Internet Fraud and Cyber Crimes

Internet fraud is a broad term that describes several areas of computer and cybercrime. Internet fraud can be applied to any crime committed using the internet. Phishing scams, unauthorized computer access, and email fraud schemes are common crimes that fall under the internet fraud and cybercrime label. Internet crimes often fall under federal law – make sure your attorney has Federal-level experience.

Certain elements must be met for it to be considered internet fraud: 1) there was a plan in place to commit fraud, 2) there was intent to defraud someone, and 3) the internet, email or other electronic communication was used in that scheme.

An example of internet fraud: sending an email notifying the recipient they were the benefactor of a large inheritance. In order to claim, they had to submit a social security number, date of birth, and their driver’s license number.

Cryptocurrency Crimes

Transactions using cryptocurrency are registered in a public ledger, called blockchain. The most commonly used cryptocurrency is bitcoin.  Other cryptocurrencies include Ethereum, Litecoin, Zcash, Dash, Ripple, Monero, NEO, Cardano and EOS.  Cryptocurrency crimes occur on the dark web and include various forms of fraud, including sales of products designed to commit internet fraud, drug crimes and others.  The dark web, also called the dark net, is accessed through the Onion router (TOR), which allows for transactions to occur anonymously.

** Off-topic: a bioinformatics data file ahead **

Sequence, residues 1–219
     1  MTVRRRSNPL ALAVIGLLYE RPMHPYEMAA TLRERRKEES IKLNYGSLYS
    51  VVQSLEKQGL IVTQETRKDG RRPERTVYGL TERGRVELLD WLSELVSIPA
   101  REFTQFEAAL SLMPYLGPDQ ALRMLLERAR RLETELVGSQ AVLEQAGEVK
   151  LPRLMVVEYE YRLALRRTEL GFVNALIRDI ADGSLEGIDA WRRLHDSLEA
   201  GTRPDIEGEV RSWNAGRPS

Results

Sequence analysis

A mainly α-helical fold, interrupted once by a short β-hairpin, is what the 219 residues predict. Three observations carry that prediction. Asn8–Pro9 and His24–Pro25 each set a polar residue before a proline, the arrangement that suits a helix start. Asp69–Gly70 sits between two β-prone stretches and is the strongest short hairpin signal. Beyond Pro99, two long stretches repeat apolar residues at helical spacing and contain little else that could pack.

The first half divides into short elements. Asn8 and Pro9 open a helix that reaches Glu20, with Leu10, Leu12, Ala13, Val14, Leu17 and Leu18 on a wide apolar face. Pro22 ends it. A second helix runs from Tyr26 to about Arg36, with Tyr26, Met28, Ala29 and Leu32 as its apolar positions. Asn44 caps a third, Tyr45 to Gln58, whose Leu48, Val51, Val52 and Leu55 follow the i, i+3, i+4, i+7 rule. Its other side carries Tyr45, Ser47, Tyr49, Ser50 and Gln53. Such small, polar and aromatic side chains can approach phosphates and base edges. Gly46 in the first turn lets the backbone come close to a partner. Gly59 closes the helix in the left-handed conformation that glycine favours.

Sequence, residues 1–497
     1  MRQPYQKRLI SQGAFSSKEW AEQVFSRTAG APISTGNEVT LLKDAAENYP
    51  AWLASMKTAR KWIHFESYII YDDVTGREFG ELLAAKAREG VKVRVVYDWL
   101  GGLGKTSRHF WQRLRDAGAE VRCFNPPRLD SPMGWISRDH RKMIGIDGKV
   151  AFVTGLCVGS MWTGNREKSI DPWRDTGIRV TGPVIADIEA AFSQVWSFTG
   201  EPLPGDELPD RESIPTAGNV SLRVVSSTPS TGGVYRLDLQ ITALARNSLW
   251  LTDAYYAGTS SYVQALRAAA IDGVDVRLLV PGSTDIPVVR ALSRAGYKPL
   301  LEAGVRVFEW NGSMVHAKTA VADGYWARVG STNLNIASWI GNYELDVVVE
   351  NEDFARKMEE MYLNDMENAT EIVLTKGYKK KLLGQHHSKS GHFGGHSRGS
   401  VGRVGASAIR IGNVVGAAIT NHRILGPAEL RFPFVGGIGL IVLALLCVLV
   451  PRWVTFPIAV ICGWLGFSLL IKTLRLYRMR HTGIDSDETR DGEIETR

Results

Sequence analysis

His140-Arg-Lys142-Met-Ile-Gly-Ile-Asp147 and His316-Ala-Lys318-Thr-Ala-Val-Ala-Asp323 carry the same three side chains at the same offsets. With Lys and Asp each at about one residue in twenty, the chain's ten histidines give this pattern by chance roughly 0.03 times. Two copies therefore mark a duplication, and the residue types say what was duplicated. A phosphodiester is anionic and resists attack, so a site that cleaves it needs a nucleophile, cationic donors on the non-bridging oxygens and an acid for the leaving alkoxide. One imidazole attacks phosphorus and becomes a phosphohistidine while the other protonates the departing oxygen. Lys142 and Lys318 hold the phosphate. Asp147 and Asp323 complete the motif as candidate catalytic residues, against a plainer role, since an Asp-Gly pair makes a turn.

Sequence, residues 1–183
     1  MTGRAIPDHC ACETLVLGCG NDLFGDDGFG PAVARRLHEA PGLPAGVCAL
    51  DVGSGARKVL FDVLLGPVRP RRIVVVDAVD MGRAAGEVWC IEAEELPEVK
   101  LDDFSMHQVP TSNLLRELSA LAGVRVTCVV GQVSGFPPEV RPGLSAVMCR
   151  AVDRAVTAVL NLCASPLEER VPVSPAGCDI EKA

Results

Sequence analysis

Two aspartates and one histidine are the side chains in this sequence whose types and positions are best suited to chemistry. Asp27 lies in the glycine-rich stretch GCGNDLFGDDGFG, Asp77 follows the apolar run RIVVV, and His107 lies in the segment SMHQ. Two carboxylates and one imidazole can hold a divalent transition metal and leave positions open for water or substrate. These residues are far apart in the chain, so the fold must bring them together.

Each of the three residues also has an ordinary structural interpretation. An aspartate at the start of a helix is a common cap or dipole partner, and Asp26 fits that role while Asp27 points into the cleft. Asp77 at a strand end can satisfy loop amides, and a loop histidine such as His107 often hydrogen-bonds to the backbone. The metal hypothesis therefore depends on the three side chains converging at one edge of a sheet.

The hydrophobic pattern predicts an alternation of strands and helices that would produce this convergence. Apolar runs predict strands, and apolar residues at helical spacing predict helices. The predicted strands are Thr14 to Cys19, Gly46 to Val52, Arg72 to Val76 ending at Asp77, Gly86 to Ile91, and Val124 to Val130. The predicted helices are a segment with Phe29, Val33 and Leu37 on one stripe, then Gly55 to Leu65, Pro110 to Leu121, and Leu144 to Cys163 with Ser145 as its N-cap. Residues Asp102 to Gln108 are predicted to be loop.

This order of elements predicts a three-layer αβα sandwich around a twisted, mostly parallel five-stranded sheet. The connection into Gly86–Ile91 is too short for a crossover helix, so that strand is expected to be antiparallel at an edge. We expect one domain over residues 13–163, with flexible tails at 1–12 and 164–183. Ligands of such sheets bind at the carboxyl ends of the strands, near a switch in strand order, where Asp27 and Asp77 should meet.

Penalties for Internet Fraud and Cyber Crimes

Generally in California internet fraud can be charged as a misdemeanor or a felony. As a misdemeanor, you can receive up to one year in jail and a fine. A felony can be punished by up to 3 years in prison.